_Coal-tar Colors._

Are made under patents, and on the large scale. The receipts for their manufacture will, therefore, not be given; in many cases, indeed, they are kept secret. Especial instructions as to their use will be found at the end of the article.

_Other Materials._

A bath of cow's dung is used after mordanting vegetable fibres, to remove the excess of mordant. A solution of silicate of soda has been lately used as a substitute.

Albumen, or gluten, is used to thicken the colors for printing, and sometimes to fix them. The colors are incorporated with the albumen applied to the stuff. By exposure to heat the albumen is coagulated and the color fixed.

_Silicate of Soda, as a Means of Fixing Mordants._

The use of silicate of soda in calico printing has the advantage of rendering the colors deeper than when the dung-bath alone is used. In reference to the action of this salt, it is worthy of remark that alkaline silicates exist in cow-dung, which according to Rogers, contains 17.5 per cent. of solid substance, 15 per cent. of this ash; so that the fresh dung contains 2.6 per cent. of ash, and the ash contains 62.5 per cent. of silica. A large portion of this silica is in the insoluble condition, but the quantity of soluble silica is not inconsiderable. The soluble portion of the ash amounts to 38 per cent., and of this 12 per. cent. is silica, and 10 per cent. potash and soda. There is, therefore, reason for regarding silicate of soda as the efficient ingredient of cow-dung.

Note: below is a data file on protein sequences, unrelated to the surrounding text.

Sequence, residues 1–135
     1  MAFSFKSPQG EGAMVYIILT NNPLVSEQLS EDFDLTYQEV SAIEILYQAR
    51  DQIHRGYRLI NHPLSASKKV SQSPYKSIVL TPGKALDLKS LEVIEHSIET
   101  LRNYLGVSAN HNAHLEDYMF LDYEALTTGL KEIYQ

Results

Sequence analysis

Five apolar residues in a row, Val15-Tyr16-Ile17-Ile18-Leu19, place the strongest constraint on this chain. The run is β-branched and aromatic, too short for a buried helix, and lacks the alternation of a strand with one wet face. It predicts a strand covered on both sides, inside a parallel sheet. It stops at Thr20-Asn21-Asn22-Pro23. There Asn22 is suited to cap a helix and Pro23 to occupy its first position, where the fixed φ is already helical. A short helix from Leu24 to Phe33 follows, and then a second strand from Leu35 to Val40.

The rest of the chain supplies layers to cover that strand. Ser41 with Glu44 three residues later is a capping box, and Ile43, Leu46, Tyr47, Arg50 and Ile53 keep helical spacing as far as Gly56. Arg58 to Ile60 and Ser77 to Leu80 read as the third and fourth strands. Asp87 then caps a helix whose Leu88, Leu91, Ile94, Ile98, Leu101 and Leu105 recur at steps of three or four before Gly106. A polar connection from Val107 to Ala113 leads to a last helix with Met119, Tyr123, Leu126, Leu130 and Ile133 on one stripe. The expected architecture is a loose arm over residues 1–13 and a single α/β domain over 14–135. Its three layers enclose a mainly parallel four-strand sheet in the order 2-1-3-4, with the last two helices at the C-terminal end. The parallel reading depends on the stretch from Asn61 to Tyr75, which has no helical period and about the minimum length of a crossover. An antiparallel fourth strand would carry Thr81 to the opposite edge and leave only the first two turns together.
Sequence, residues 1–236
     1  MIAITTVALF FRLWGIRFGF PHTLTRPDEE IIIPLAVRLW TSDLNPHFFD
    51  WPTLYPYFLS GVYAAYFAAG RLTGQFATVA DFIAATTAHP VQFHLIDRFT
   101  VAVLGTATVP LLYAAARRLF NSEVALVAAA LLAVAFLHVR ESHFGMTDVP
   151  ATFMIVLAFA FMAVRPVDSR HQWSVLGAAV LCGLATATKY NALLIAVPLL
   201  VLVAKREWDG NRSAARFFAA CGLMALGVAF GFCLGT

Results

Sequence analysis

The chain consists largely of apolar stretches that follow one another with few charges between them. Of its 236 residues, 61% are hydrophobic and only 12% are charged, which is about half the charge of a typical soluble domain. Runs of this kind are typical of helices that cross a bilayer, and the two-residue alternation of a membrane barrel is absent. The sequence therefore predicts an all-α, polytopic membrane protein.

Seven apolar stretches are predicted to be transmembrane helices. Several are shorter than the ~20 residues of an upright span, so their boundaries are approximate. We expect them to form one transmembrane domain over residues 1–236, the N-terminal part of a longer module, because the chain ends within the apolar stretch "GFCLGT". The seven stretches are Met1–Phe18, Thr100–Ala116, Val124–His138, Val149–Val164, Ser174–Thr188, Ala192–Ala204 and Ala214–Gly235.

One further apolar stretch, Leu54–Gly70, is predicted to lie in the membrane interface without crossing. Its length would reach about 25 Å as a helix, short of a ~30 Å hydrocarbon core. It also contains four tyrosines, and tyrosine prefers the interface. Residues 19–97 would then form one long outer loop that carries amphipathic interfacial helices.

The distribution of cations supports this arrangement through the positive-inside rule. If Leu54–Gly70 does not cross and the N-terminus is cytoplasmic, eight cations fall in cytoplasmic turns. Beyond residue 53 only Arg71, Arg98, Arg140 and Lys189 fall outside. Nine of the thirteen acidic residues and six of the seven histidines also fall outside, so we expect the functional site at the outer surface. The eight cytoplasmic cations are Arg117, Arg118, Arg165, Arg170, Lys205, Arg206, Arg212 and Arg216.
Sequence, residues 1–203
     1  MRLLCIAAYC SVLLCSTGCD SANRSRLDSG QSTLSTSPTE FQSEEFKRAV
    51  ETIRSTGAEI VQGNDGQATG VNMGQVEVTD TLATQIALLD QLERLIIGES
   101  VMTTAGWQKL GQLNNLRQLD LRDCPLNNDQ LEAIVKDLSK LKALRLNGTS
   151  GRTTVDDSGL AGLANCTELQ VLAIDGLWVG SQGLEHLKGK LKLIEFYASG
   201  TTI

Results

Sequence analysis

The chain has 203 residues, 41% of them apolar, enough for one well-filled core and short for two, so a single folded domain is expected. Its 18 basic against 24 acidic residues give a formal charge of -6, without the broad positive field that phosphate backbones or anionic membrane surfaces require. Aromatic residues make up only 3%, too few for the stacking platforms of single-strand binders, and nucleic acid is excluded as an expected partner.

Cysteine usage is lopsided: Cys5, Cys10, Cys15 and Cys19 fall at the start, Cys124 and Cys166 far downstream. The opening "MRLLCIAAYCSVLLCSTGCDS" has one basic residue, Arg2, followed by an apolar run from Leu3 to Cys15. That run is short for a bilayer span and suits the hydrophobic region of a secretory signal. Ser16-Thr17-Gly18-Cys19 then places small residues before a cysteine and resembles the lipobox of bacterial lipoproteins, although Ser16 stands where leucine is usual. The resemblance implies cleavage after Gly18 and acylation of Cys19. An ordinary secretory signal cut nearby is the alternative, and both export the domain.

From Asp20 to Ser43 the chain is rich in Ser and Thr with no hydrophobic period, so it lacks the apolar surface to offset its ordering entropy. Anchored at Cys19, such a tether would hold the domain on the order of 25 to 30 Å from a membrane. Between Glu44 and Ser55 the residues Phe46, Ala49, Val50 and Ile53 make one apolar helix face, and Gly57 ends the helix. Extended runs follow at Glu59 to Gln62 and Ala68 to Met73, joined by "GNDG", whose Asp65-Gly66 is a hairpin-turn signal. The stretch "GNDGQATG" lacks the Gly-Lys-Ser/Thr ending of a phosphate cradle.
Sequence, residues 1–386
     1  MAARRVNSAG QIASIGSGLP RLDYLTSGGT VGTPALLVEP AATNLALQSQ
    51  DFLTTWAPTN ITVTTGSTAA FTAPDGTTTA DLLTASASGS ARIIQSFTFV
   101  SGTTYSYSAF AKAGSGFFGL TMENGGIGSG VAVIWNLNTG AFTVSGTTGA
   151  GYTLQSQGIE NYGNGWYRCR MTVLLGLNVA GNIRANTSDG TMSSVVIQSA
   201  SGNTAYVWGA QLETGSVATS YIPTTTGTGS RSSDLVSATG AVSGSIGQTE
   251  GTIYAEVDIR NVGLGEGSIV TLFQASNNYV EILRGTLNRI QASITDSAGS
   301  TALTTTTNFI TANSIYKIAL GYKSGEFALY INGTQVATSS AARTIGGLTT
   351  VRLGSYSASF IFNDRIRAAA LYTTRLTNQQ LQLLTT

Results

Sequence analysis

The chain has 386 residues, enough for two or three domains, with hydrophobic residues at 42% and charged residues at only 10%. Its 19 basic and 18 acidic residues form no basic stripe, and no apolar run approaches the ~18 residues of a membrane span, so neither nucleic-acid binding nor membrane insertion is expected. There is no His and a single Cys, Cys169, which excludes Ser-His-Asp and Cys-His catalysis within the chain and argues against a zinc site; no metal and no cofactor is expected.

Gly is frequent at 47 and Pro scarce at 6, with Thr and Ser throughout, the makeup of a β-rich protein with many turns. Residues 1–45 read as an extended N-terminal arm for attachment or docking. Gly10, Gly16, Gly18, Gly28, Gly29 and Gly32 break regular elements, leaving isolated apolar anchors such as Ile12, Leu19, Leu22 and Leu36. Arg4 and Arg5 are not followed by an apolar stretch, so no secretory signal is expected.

_Alum._